WASHINGTON - CarMax Inc. and two other used-car retailers have settled complaints from federal regulators that they touted their inspections in advertising but failed to disclose that some of the vehicles were under safety recalls and unrepaired.

The Federal Trade Commission on Friday announced the agreements with CarMax, the largest U.S. used-car dealer, Asbury Automotive Group Inc. and West-Herr Automotive Group.

Search cars

The agency also finalized agreements in similar cases with General Motors Co. and two other retailers.

Under the FTC's proposed consent orders, which are open to public comment through Jan. 17, CarMax, Asbury and West-Herr can't claim that used vehicles are safe unless recall repairs are made or open recalls are disclosed. The companies were not fined.

They also have to notify recent customers by mail that cars they bought as far back as July 1, 2013 may be subject to recalls.

After the public comment period closes, the FTC will decide whether to make the proposed consent orders final.

advertisement | advertise on newsday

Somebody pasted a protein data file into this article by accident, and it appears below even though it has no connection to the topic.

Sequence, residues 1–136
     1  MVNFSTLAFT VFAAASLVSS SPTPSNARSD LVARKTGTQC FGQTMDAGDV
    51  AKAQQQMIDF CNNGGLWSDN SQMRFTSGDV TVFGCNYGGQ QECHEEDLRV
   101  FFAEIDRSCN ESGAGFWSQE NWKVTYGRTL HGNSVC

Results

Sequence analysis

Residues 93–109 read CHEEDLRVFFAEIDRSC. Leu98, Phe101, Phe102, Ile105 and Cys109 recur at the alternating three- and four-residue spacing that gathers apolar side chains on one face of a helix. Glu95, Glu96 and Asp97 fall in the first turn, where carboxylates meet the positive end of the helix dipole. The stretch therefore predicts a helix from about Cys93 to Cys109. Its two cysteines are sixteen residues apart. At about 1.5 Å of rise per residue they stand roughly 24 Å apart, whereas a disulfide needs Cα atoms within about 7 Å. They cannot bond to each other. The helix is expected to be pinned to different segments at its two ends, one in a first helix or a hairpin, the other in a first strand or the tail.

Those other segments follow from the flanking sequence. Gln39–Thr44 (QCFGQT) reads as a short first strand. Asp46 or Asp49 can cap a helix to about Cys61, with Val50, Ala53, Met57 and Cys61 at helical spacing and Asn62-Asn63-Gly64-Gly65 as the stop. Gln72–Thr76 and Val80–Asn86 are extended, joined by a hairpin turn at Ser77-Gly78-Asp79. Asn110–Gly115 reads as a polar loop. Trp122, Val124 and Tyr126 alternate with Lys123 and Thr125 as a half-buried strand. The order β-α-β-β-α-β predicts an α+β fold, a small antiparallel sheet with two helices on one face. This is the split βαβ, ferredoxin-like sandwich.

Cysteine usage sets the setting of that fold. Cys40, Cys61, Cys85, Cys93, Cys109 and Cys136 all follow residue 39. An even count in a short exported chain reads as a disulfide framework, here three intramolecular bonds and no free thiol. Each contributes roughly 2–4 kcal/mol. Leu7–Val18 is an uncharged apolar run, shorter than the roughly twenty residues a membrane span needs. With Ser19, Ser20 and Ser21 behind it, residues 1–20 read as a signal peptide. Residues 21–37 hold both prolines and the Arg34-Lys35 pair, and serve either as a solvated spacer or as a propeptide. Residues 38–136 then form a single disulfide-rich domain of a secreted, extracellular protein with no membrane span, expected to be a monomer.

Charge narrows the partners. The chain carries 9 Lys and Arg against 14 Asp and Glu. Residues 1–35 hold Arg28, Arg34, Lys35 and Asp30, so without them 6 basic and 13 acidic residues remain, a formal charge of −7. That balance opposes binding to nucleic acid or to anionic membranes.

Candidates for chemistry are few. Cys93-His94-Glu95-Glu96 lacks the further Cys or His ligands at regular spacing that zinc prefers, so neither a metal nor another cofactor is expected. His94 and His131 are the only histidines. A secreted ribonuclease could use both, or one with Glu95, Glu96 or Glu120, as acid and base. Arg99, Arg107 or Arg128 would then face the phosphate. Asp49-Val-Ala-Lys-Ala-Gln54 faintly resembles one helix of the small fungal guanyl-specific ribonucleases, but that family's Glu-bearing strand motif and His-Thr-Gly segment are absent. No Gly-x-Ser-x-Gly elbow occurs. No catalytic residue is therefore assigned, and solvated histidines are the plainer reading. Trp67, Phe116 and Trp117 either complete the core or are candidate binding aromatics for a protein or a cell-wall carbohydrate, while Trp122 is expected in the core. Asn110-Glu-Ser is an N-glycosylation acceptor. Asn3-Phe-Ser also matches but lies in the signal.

Companies that advertise car inspections and safety must be honest about recalls, the agency says. The FTC says it has taken about 40 actions to protect car buyers since 2012.

CarMax noted that it will change some language about recalls in its advertising. The company, based in Richmond, Virginia, said in a statement that it shares vehicle-specific recall information in its stores and online to ensure that customers are aware of them before buying cars. "We will continue to make enhancements to our comprehensive recall disclosure program," CarMax Chief Operating Officer Cliff Wood said in the statement.

The consent orders with GM, Jim Koons Management and Lithia Motors Inc. were proposed in January.

A consumer group criticized those agreements as failing to protect car buyers and actually harming consumers. By permitting the companies to disclose that cars may be subject to recalls, the FTC is allowing them to advertise that recalled and unrepaired used cars are safe and have been "repaired for safety," Consumers for Auto Reliability and Safety said in a statement.

The consent orders may lower the standard for the industry in this type of advertising and are weaker than state laws, the group said.